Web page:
Apoptosis in gastric epithelium induced by Helicobacter pylori infection: implications in gastric carcinogenesis

Am J Gastroenterol. 2001 Jan;96(1):16-26. doi: 10.1111/j.1572-0241.2001.03447.x.


Objectives: Helicobacter pylori is an identified carcinogen for gastric cancer, however, the underlying mechanisms remain to be defined. In this review, we sought to elucidate the role of apoptosis in gastric carcinogenesis, to determine the influence of H. pylori infection on apoptosis, and finally to provide insights into the mechanisms by which H. pylori may lead to gastric carcinogenesis.

Methods: A broad-based MEDLINE and Current Contents literature search was performed to identify relevant publications between 1966 and March 2000 addressing H. pylori infection, apoptosis, cell proliferation, gastric carcinoma, oncogenes, and tumor suppressor genes, as well as the products of these genes. Abstracts from recent major conferences that provided adequate additional data were also included.

Results: Apoptotic cells are rare in the glandular neck region (the generative cell zone) of normal gastric mucosa. With progression of atrophic gastritis, the generative cell zone shifts downward and a relatively large number of apoptotic cells occur. In intestinalized glands, both apoptotic cells and proliferative cells are present in deeper portions of the glands, corresponding to the generative zone. A higher frequency of apoptosis has been observed in gastric dysplasia than in coexisting gastric carcinomas, whereas the number of proliferative cells is significantly higher in gastric carcinoma than in dysplasia. Upregulation of oncogene bcl-2 in premalignant lesions and "downregulation" of the gene after malignant change is probably a common event. Accumulation of p53 protein is first detected in dysplasia, although mutation of the pS3 gene may occur in intestinal metaplasia. H. pylori infection induces apoptosis in gastric epithelial cells, which returns to normal after eradication of the infection. Numerous molecules produced by H. pylori including cytotoxin (VacA), lipopolysaccharide, monochloramine, and nitric oxide may directly induce apoptosis. Moreover, H. pylori-stimulated host inflammatory/immune responses lead to release of a large amount of cytokines. Cytokines produced by type 1 T helper cells, such as TNF-alpha and IFN-gamma, markedly potentiate apoptosis. Gastric cell proliferation is significantly higher in patients with H. pylori infection than in normal controls, and eradication of the infection leads to a reduction in cell proliferation. Apoptosis and cell proliferation are also increased in precancerous lesions such as gastric atrophy, intestinal metaplasia, and dysplasia in the presence of H. pylori infection. However, H. pylori-induced apoptosis may no longer be cell cycle-dependent in these lesions because of the occurrence of alterations and mutations of apoptosis-regulating genes, resulting in a loss of balance between apoptosis and cell proliferation.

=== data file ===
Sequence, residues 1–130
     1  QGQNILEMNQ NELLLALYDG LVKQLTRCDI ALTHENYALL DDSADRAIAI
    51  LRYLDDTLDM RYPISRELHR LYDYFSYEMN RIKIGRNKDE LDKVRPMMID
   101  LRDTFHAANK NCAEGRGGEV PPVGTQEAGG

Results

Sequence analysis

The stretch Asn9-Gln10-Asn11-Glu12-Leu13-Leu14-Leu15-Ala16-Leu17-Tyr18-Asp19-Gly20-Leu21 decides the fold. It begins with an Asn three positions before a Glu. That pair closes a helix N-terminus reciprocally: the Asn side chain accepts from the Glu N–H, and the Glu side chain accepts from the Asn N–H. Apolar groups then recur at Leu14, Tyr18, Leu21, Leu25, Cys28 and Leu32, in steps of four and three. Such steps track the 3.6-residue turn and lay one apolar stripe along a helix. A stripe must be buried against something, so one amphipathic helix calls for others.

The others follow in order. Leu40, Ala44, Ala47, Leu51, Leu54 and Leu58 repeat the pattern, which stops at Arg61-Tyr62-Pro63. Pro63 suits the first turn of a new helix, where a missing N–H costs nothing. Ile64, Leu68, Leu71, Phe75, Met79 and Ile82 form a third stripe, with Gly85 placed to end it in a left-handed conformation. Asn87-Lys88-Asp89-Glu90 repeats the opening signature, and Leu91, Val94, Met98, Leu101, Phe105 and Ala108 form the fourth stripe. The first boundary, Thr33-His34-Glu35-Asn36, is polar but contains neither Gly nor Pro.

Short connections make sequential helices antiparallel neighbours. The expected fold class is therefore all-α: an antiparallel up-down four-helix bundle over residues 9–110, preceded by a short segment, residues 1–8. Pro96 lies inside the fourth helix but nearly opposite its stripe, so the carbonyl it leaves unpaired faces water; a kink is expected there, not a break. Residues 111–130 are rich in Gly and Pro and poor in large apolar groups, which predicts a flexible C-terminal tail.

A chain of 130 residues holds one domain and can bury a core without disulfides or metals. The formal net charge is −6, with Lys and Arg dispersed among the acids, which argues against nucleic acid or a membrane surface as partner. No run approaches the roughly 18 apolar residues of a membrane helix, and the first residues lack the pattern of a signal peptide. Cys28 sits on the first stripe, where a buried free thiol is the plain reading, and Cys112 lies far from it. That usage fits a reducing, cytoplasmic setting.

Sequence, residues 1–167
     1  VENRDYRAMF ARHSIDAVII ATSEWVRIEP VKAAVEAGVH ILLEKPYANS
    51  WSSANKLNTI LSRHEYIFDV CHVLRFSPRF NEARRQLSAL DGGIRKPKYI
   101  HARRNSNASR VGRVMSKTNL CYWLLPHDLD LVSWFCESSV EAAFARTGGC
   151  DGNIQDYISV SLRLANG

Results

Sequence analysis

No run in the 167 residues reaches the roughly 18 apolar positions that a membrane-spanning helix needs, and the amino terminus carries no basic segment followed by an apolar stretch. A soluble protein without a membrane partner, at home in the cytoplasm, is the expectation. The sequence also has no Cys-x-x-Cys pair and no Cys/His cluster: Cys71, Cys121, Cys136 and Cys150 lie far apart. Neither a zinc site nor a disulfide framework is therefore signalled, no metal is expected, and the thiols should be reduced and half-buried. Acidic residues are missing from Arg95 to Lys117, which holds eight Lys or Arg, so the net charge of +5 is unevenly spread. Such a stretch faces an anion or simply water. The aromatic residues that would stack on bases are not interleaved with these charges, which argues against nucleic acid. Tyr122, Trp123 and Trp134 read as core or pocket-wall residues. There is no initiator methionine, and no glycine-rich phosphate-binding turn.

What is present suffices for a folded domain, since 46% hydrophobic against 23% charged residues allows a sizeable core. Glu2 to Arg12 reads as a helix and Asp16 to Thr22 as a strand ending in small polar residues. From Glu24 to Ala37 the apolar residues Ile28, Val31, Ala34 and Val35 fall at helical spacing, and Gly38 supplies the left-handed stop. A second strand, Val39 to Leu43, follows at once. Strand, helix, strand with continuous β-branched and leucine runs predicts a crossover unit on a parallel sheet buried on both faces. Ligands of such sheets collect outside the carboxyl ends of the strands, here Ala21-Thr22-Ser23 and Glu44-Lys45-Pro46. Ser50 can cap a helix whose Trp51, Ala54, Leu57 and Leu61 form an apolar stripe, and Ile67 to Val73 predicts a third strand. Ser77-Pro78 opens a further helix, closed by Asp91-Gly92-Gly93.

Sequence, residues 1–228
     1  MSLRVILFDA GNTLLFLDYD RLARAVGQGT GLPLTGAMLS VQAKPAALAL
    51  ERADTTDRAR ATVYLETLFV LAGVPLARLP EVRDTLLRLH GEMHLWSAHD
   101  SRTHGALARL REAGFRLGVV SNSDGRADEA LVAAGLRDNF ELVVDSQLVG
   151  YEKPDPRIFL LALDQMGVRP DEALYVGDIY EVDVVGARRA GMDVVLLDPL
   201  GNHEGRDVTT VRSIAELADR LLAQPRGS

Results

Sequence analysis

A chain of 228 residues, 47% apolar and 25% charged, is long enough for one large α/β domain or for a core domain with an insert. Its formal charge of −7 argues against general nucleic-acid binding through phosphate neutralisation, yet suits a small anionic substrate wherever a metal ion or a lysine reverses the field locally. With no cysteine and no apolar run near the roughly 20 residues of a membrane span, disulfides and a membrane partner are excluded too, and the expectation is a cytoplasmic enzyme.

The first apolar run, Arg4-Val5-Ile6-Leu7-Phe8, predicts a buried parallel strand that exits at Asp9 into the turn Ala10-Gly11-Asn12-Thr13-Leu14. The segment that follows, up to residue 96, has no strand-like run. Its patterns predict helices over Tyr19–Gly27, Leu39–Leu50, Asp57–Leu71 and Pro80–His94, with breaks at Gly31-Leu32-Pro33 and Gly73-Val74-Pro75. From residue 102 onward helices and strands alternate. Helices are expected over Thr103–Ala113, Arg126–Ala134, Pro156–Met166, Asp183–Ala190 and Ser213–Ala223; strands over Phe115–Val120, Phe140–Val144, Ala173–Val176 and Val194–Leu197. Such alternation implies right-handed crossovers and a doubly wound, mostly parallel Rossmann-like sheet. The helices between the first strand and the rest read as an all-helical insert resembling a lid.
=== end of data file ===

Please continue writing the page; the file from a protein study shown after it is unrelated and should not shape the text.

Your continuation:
Conclusions: It is hypothesized that H. pylori-induced apoptosis may play a key role in gastric carcinogenesis by increasing cell proliferation and/or resulting in gastric atrophy.

Publication types

  • Review

MeSH terms

  • Apoptosis*
  • Cell Transformation, Neoplastic / pathology*
  • Epithelial Cells / pathology
  • Gastric Mucosa / microbiology
  • Gastric Mucosa / pathology*
  • Gastritis / microbiology*
  • Gastritis / pathology
  • Helicobacter Infections / complications*
  • Helicobacter Infections / pathology
  • Helicobacter pylori / isolation & purification*
  • Humans
  • Incidence
  • Risk Assessment
  • Sensitivity and Specificity
  • Stomach Neoplasms / microbiology*